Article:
Hamilton explains more emphasis has been put on width with the dashboard layout, rather than having everything concentrated in the centre, as with the previous model, which did come in for some criticism for having fiddly buttons and a lack of practical places to put things.
Ford claims the instrument panel alone now offers 25 litres of storage, including three open bins on its upper surface with space for clipboards or mobile devices, and glovebox stowage capable of storing A4 files in the lower closed compartment.
A fold-out cup holder beneath the gear lever has been added to the cup holders and two-litre bottle holders at each end of the instrument panel. The door panels now house three stowage spaces, and a new grab handle has been integrated into the door trim.
Ford says this user-centric interior layout was influenced by consumer use of smart devices and tablets.
Flagship models get a floating, tablet-inspired eight-inch colour touchscreen with Ford’s Sync 3 communications and entertainment system that can be operated with pinch and swipe gestures.
For vans not equipped with eight-inch or four-inch displays, the MyFord Dock in the centre of the instrument panel provides a location for drivers to mount and charge smartphones, MP3 players or satellite navigation systems. USB and 12V power sockets are found in the upper stowage bin in front of the driver, and alongside the gear lever to enable device charging.
The facelifted model is the first LCV in the brand’s line-up to get Ford’s Intelligent Speed Limiter, which allows automatic adjustment of maximum speed to remain within legal limits via the Traffic Sign Recognition system. Other new safety kit includes Blind Spot Information System with Cross Traffic Alert, which warns drivers reversing out of a parking space of vehicles about to cross behind them.
We tested the top-of-the-range Sport Van, which comes exclusively with the 170hp powertrain, in short-wheelbase/low-roof mode (L1H1) and with six-speed manual transmission. This model gets the eight-inch colour touchscreen with Sync 3, DAB, and Emergency Assistance that in fact becomes the focal point of the dashboard on the Limited trim level beneath Sport.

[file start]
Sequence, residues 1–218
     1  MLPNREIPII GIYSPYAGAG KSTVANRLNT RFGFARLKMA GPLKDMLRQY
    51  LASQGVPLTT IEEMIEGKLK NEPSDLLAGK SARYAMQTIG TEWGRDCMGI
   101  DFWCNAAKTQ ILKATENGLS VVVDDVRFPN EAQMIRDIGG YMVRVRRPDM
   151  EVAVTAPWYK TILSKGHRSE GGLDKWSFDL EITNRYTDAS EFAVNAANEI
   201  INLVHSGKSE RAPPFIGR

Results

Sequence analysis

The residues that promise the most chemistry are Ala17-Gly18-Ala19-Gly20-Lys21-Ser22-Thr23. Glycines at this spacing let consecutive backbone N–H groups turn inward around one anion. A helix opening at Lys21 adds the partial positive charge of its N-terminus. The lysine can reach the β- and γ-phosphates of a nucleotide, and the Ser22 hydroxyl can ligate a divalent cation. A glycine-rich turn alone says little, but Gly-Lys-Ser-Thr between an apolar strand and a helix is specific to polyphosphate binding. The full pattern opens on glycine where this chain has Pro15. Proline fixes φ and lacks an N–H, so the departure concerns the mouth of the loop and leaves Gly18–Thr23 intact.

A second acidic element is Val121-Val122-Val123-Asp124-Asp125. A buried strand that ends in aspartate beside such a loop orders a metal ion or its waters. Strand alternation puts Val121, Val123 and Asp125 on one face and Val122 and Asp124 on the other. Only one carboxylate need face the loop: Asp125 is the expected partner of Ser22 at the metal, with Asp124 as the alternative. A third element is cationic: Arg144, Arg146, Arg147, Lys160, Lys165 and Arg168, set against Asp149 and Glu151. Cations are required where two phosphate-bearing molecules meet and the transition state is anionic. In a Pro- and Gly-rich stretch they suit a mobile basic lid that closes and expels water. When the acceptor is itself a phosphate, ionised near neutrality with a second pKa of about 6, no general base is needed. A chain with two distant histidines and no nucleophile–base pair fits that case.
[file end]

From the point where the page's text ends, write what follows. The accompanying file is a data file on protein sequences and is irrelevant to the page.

Drop down to Trend and you have to make do with the 4.2in screen, which is the specification where cruise control with adjustable speed limiter come on board too. In a line-up that is generally well-specified from the entry-level point, it is surprising that air-conditioning is only included on Limited and Sport derivatives, as are heated front seats.
Much of what you get with Sport that’s not included in the Limited mix is cosmetic and designed for operators – such as small business owners – who want to promote their brand and stand out from the crowd.
Such features include leather seat trimming, 18in as opposed to 16in alloys, exterior stripes, the Sport styling kit with front, lower bumper skirt, body-colour side skirts, rear bumper skirts, and front and rear wheel-arch extensions.
Of more practical use are the tyre pressure monitoring system, lane-keeping alert with driver alert and the excellent rear-view camera with trailer hitch assist. The front and rear parking sensors are added on Trend models.
Transit Custom Sport 290 170hp L1H1
Price (ex VAT) £30,900
Price range (ex VAT) £20,995-£32,000
Insurance group 33E
Service intervals 36,000mls
Load length 2,555mm
Load width (min/max) 1,390/1,775mm
Load bay height 1,406mm
Gross payload 808kg
Load volume 6.0m3
Engine size/power 1,996cc/170hp
Combined fuel economy 44.1mpg
The facelifted Transit Custom features an improved interior and retains outstanding performance and competitive practicality. Ford has once more raised the bar in the crucial medium van segment that it already dominates.